With biometric software, people can be searched and identified using their dactyloscopic data. Initially, such a system was only used in databases for asylum seekers and visa applicants in the European Union. Now even the largest EU police database has a “Fingerprint Identification System”.
The Schengen Information System (SIS II) currently contains around 236,000 searchable fingerprints. Half a year ago, the figure was still around 135,000. The reason for the increase is the introduction of a “Fingerprint Identification System” (AFIS), which was activated by the EU Commission on 6 March last year. At that time, SIS II contained around 97,000 fingerprint sheets. Until then, searches in existing fingerprint data were only possible in the EURODAC database and in the Visa Information System (VIS).
The new AFIS is intended to tackle general crime as well as the misuse of identities. The introduction was preceded by a two-year pilot phase. The system is managed by the European Agency for the Management of the Operation of Large-Scale IT Systems (eu-LISA), which now houses all the major databases in the field of Justice and Home Affairs.
2,400 hits in SIS II
Each new fingerprint stored in the Schengen Information System is compared with the other centrally stored data sheets. When crossing a border or carrying out a police check, the fingerprints can also be searched by any SIS II official to determine whether there are any other, possibly forged, documents relating to the person. It is also possible to compare traces at a crime scene with alerts issued by all 30 Schengen Member States.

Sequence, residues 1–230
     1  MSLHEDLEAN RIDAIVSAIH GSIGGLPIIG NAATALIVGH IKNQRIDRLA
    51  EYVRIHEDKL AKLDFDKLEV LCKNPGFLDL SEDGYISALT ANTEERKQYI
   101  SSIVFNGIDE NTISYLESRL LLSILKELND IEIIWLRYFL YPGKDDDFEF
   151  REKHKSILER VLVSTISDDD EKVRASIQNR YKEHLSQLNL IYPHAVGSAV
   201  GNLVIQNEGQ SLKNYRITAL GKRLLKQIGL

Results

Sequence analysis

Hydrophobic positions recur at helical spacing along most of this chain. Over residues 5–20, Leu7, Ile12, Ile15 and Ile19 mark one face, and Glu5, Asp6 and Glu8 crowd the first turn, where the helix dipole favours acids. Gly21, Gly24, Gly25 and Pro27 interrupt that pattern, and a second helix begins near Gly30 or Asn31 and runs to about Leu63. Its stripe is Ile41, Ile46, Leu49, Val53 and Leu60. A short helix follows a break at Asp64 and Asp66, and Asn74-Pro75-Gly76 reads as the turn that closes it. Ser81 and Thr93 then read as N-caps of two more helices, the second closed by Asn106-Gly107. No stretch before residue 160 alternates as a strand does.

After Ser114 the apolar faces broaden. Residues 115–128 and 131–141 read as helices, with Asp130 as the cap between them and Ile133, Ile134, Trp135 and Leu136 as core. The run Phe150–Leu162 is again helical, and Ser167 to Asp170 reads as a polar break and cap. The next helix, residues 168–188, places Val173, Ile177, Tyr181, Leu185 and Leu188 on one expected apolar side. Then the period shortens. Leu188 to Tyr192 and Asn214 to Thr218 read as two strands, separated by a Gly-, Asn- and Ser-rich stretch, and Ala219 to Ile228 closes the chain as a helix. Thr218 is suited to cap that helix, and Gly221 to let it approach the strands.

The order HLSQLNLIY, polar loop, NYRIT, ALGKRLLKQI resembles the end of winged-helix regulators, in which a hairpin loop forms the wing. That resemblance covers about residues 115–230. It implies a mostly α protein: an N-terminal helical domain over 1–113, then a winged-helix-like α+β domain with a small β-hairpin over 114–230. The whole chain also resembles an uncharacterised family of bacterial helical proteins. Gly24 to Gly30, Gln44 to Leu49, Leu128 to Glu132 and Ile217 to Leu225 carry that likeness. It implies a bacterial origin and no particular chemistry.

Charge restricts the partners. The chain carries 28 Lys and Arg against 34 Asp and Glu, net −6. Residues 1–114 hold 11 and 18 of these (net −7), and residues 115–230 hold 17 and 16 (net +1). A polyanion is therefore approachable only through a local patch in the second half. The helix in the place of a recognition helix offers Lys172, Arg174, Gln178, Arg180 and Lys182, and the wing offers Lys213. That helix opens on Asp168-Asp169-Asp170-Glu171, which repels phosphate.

As the number of data records increases, so do the number of searches and, consequently, the number of hits. Throughout 2018, German authorities found 2,395 matching fingerprints in SIS II. In EURODAC, around 129,000 people were found in 2018 according to German queries. This is about one fifth of the total number of hits of all European authorities.
New regulations in force
The use of AFIS is now mandatory. The European Commission has published three new regulations on the Schengen Information System, which have since been adopted by the Council and Parliament and have been in force since 27 December 2018. They apply immediately as regulations, but the Schengen member states have two years to implement the AFIS function. In addition to Germany, the Netherlands, Latvia, Malta, Slovenia and Portugal are currently using the possibility of identifying persons in SIS II using their fingerprints. Hungary, Austria, Switzerland, Liechtenstein and Poland plan to introduce the function soon.
All German police forces are authorised to use SIS II-AFIS, which the query via the police information network INPOL. The authorities inform the German central office for national and international information exchange, which is located in the Federal Criminal Police Office (BKA) under the name SIRENE, of a hit. Found hits are then verified by “fingerprint experts” in the BKA.
Query also in the USA
The Schengen Member State in whose data the hit was found may then be notified via the SIRENE Bureau. Alias identities may also be transmitted in the case of falsified documents. There is no automated hit notification. If false hits are found, the record is forwarded to eu-LISA for verification and analysis. In 2018, German authorities identified five false matches in the SIS II-AFIS. Eleven false hits were reported for the EURODAC system, four of them from Germany.
Since December 2016, German authorities have also been querying US databases for fingerprints and DNA data. The BKA is also the contact point for data transfers within the framework of the German-American Security Agreement. In October, the German Ministry of the Interior wrote that the FBI had sent 101 research requests to Germany. During the same period, the BKA sent 191 searches to the FBI. Five matches were found.